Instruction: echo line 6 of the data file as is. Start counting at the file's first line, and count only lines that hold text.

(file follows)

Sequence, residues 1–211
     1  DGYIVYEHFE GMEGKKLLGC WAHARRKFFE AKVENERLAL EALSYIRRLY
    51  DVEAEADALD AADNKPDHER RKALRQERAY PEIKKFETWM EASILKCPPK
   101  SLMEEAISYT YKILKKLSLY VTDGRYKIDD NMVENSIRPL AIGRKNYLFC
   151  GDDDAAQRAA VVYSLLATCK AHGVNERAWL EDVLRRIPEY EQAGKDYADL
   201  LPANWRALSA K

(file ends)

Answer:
   201  LPANWRALSA K